Should I update the question to be more programming related, by asking about how to generate such strings?

That still doesn't answer the question of why you want these strings.

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    I don't think adding context to his question would make it in-scope. In fact, I don't think the question can be in scope without changing the entire premise. It's just a cryptography problem. I also think (barring duplicate checking) his question could be asked as is on Cryptography and follow all their post rules.
    – spicy.dll
    Nov 1 '21 at 20:20
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    @spicy.dll adding more context in the way of "how is this programming related". Pure crypto problems aren't within the scope of SO. All questions are supposed to be "practical, answerable problem that is unique to software development".
    – Braiam
    Nov 1 '21 at 20:25
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    It seems more like a curiosity question than anything else, but in any case, it definitely has nothing to do with programming -- it is literally just asking for example printable UTF-8 strings that have the same MD5 hash. That would be like saying a question that asks for two different images that have the same histogram was about programming because images are also used in programming.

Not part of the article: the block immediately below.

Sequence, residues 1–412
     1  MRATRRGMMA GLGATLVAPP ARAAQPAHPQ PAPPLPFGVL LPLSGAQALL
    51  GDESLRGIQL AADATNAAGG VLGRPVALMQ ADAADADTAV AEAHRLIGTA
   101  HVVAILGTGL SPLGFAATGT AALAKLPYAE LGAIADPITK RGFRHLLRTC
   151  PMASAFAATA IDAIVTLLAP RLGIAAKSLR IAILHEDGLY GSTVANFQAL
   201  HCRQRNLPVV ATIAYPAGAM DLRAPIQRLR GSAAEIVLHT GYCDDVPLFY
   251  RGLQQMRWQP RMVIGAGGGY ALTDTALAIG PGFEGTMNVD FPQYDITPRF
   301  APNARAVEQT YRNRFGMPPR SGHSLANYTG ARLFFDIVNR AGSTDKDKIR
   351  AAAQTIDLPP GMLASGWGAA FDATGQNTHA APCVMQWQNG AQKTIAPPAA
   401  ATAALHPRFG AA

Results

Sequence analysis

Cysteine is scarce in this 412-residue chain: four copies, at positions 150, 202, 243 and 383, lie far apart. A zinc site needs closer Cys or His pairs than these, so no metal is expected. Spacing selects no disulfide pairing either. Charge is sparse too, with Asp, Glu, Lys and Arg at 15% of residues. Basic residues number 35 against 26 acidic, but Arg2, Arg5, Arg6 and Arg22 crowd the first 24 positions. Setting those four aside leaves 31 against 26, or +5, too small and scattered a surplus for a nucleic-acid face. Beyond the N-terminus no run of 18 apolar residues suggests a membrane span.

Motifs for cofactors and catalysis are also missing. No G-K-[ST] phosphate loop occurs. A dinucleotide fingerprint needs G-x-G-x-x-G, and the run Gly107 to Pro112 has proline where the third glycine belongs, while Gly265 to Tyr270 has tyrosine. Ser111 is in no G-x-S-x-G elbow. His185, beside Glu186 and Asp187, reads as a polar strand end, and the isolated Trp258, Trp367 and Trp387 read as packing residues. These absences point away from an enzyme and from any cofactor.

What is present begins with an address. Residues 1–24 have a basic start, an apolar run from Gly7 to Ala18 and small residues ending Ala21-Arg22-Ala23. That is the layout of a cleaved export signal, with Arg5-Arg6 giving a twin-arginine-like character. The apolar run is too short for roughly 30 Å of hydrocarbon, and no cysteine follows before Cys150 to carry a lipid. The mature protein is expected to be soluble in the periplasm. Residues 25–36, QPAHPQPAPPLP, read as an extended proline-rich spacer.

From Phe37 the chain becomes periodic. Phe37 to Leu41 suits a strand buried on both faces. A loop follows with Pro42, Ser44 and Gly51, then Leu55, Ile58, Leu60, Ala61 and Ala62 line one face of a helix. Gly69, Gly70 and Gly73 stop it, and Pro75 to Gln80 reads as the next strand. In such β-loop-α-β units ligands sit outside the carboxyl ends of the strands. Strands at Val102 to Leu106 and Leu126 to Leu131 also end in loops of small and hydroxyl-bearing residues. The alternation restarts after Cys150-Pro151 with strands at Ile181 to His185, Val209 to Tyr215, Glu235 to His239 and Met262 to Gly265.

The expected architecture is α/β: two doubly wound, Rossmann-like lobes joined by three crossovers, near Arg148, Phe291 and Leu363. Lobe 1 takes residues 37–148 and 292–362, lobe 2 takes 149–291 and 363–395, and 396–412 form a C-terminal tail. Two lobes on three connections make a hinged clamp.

– Herohtar
    Nov 2 '21 at 3:19
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I suggest there should be an informal "statute of limitations" where moderators are more cautious changing questions or answers over five years old. This could be facilitated by migration to a more relevant community. It might also be supported by some metadata, such as a tag.